By Luo Chuanyu
Indonesian President Joko Widodo accepted an invitation from Chinese President Xi Jinping and visited China from July 25 to 26. Widodo was the first head of state to visit China since the Beijing Winter Olympics in February this year, and China was the first stop of Widodo’s East Asia tour, which evidences how much importance both China and India placed on the visit as well as the bilateral relationship. Indonesian media and academics called the visit a “golden opportunity” for China- Indonesia cooperation.
International and Domestic Pressure
The Widodo government is currently grappling with both international and domestic pressure.
The Russia-Ukraine conflict ratcheted up the wrestling between great powers. As the chair of this year’s G20, Indonesia adopted the position of “not taking sides” in direct conflicts. Widodo stressed that the G20 was established as an economic platform to focus on coordination of macro- economic policies, and that it is not a political arena for countries to deal with geopolitical issues and conflicts. Unfortunately, the United States and some European countries are diminishing G20’s economic significance to use the occasion to debate political issues.
At the G20 Finance Ministers and Central Bank Governors Meeting in Washington D.C. in April, participating finance ministers continued arguments over the Russia-Ukraine conflict, forcing Indonesia, which took over the G20’s rotating presidency this year, to give up the final joint statement.
Disputes became even more tense at the G20 Foreign Ministers’ Meeting in July when the foreign ministers of the G7 members united to boycott Russia. To express dissatisfaction with Russia attending the meeting, they all stayed away from the dinner and refused to take the traditional group photo together. Because of the stalemate, many important issues scheduled for discussion, including the global economy and food crisis, were set aside. The meeting ended with no substantial joint declaration either.
In this tense situation, China’s support will be essential for Widodo to hold a successful G20 Leaders’ Summit in November and achieve the goals on the meeting’s agenda. Indonesia needs China to coordinate and mediate disputes among participating countries and prevent any ASEAN country from “taking side” at the summit.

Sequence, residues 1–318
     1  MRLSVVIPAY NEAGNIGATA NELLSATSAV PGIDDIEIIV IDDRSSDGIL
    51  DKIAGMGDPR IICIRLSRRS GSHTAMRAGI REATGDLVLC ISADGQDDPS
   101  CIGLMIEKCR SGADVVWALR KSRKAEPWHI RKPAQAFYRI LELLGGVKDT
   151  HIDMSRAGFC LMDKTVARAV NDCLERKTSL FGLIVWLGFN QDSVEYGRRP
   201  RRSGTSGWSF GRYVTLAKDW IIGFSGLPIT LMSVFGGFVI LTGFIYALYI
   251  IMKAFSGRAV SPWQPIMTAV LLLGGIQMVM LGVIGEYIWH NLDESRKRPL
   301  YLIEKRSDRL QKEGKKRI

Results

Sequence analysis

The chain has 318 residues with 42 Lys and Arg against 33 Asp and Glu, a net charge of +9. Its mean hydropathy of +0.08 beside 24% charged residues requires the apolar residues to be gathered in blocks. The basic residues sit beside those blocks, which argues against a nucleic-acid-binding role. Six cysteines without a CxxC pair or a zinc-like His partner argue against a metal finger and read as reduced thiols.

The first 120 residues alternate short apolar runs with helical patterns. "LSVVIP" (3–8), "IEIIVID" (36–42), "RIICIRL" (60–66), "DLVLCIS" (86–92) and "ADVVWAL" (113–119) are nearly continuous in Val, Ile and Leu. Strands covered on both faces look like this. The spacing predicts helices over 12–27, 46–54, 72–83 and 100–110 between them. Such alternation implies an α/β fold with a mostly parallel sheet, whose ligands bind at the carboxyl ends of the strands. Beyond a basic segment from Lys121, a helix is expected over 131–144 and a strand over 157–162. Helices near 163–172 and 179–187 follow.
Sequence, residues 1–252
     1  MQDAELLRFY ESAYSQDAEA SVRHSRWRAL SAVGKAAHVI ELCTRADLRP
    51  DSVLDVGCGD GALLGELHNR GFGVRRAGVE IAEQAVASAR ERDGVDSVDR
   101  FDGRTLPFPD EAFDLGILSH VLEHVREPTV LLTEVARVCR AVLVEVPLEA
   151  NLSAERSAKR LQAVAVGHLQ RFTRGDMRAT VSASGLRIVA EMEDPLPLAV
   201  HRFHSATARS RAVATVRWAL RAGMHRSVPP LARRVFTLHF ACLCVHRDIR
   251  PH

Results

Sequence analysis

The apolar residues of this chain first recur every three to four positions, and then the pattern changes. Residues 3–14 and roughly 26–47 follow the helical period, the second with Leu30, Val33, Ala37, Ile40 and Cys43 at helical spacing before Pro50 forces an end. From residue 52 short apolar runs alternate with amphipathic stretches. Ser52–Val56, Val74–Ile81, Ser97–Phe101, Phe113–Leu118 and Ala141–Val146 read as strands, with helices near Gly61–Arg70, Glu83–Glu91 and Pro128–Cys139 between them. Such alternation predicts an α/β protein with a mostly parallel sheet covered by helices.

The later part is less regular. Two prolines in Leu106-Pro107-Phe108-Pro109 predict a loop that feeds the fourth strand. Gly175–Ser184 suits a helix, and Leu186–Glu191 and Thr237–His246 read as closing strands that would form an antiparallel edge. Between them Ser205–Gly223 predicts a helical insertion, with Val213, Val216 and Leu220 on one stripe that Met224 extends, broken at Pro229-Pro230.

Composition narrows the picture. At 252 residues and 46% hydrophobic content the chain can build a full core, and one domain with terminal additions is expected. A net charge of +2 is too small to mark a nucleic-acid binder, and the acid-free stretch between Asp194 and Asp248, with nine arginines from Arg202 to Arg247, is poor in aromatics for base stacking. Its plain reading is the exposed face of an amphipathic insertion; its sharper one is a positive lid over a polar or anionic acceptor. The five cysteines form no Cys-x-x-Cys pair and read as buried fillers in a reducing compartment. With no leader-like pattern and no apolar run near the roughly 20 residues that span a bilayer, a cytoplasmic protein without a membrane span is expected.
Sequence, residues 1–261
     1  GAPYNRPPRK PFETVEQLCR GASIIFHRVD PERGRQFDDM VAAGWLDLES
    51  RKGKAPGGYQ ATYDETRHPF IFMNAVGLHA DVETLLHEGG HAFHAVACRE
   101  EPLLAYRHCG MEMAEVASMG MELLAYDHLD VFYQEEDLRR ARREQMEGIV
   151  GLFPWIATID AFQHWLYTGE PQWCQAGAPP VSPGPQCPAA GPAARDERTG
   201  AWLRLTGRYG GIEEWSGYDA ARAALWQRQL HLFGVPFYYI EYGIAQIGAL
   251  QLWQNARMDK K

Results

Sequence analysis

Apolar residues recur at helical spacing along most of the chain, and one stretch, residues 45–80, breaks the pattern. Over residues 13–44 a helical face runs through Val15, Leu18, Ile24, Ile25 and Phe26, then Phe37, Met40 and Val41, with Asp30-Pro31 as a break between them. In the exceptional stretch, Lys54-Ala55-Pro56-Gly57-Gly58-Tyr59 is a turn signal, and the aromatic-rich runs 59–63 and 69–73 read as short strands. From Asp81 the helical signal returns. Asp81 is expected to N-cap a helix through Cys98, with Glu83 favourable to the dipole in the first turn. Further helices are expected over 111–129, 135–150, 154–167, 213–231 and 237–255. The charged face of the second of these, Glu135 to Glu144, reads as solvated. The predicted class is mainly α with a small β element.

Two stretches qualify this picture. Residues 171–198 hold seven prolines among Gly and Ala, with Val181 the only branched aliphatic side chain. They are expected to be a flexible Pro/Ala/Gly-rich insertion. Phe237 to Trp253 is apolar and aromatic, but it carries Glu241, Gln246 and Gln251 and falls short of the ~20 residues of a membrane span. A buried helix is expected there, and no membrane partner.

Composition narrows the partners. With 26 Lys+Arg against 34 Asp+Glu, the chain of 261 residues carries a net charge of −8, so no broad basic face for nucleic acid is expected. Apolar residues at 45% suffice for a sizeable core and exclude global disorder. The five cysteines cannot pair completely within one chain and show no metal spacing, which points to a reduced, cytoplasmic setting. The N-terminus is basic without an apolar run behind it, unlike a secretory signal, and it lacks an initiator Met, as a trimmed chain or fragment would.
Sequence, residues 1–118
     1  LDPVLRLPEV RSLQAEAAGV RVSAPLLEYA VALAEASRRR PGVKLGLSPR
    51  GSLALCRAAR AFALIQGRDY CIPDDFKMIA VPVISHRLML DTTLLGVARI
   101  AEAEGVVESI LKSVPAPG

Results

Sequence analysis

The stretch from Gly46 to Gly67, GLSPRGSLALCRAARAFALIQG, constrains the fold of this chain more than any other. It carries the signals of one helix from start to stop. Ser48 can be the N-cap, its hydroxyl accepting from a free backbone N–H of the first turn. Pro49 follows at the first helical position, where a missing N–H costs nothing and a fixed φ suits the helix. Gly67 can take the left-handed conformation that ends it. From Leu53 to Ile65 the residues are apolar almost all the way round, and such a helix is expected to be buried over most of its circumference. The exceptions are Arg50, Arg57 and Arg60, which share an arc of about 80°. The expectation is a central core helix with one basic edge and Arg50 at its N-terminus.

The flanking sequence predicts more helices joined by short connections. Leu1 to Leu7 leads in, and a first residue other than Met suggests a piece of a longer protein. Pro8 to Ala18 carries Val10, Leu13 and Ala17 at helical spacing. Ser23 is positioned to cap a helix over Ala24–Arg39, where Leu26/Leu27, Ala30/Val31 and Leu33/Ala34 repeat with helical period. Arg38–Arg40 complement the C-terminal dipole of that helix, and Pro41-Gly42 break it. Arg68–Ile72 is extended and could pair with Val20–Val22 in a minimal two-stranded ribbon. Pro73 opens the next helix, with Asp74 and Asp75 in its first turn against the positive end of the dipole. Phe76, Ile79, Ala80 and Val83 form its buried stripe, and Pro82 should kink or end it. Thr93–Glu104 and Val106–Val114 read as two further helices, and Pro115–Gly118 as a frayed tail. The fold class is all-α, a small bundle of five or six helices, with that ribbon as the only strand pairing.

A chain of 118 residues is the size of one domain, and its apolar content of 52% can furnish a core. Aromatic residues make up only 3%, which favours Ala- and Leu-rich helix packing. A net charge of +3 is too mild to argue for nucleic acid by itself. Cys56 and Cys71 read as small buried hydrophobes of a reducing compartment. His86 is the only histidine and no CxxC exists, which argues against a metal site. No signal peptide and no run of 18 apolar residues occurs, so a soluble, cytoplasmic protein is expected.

Meanwhile, Indonesia is also seeing mounting domestic pressure. Like many other countries, its inflation rate is surging because of the soaring prices of food and energy.
According to statistics from Indonesia’s Central Bureau of Statistics, the annual inflation rate reached a record 4.35 percent this June, the highest since 2019.
Indonesia has been doing better at controlling inflation than many countries like the US and the UK. In 2020, it rolled out a national program to recover the domestic economy which successfully maintained the purchasing power of low-and middle-income families. However, the continuing price increase of life necessities including cooking oil, eggs, beef, sugar, and beans is straining many households in the country with a population of 275 million people.
Indonesia has also been struck by the recent outbreak of Foot and Mouth Disease (FMD) as well as frequent floods and an extended dry season that has affected domestic agricultural production and harvests. These disasters added even more pressure to inflation.
Although Widodo’s government stepped up fiscal allocation to provide greater subsidiaries to affected industries and people, the constantly changing prices of raw materials undermined the government’s efforts. However, Indonesia did see a spike in income recently because the prices of its major exports such as coal, nickel, and palm oil increased, but the country is facing the dilemma of flagging supply capacity and purchasing power, both of which would threaten Indonesia’s national and social security in the long term.
Therefore, it is essential for Widodo, a pragmatic state leader focusing on economic development, to prioritize economic and trade cooperation with China, its biggest trading partner, at the top of his diplomatic strategies. Before Widodo’s visit, Indonesian Foreign Minister Retno L. P. Marsudi made it clear that the focus of talks between the heads of the two countries would be “enhancing economic cooperation, particularly on trade and investment.”
China was enthusiastic about Widodo’s visit, and both sides held multiple high-level talks and released a joint statement on enhancing cooperation.
First, China and Indonesia will strengthen cooperation under bilateral and multilateral frameworks.
To boost bilateral cooperation, both sides further interpreted the China-Indonesia Comprehensive Strategic Partnership, highlighting duties related to securing the interests of emerging market economies and developing countries. The two sides agreed to strive to build a China-Indonesia community with a shared future, forging an exemplary model of South-South cooperation for mutual benefits, win-win results, and common development.